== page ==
There is an even bigger trap to avoid, however. The company that is computing its product costs using GAAP may choose not to reduce prices to be competitive with market because “if we did that our margins would be too low!” By believing that the unit cost is, for example, $100 then it is understandable that one would not sell at $90. But what if we knew that the actual unit cost was $80 (without absorbing the full amount of the fixed overhead costs for the period when produced)? Obviously we would accept an opportunity to sell at $90 – especially when the company has equipment and people who are underutilized.

So what factor should drive smart decision-making in this example? The relevant metric per unit of production is the “contribution margin.” The contribution margin is revenue less applicable variable production and sales expenses. Yes, one must take into account sales expenses, which GAAP absorption costing does not include in computing the gross margin (gross margin is sales less cost of goods sold). For example, if a company can sell $1 million of its products in a month and it had variable manufacturing expenses of $550,000 and variable sales and other applicable expenses of $200,000, then its contribution margin would be $250,000. This $250,000 goes towards covering the fixed costs. If it exceeds the fixed costs, then there is a profit for the month. In fact, knowing the foregoing, one should be willing to be even more competitive on price and increase units sold – so long as the contribution margin, not the gross margin, is acceptable. More than that, one might also choose to spend more on sales and marketing to drive up volume if that can be done with an acceptably positive contribution margin.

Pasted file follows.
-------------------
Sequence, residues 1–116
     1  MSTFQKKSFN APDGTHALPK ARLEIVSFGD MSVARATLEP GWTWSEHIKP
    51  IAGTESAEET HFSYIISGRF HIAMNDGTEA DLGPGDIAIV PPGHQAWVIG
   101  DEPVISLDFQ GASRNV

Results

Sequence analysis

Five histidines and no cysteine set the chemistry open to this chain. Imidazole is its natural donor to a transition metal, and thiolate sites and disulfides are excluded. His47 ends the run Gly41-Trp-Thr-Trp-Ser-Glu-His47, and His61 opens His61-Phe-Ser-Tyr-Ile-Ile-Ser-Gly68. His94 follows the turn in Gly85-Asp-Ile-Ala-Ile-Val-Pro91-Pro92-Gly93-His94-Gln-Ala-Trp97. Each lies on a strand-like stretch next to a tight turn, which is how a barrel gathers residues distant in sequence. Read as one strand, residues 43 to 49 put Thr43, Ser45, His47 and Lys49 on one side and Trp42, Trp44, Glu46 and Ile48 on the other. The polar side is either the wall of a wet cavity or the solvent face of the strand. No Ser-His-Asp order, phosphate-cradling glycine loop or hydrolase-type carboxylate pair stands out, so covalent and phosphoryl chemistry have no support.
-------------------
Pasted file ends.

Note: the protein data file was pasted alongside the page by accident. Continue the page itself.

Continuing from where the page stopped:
We often hear companies say “we can’t lower our price further because our gross margin is only $X” or “we can’t afford to increase sales commissions or pay a distributor fee” when there is really lots of room based on contribution margin. The fixed costs are just that, fixed, whether you sell more or less. So don’t let GAAP lure you into wrong decisions. By the way, this issue applies to service companies as well as manufacturing.

We should note that figuring out contribution margin by product or service line is not necessarily easy and it is certainly harder than just using some broad brush “overhead recapture” method to compute GAAP gross margin. However, doing the right analysis is an expense that will pay for itself many times over. That’s one reason we like working with middle-market companies; applying profitability analytics to guide smart decision-making: e.g., where to place their efforts, how to price their products/services, and which channel partners with which to work – all important decisions that shouldn’t be made by blindly following GAAP.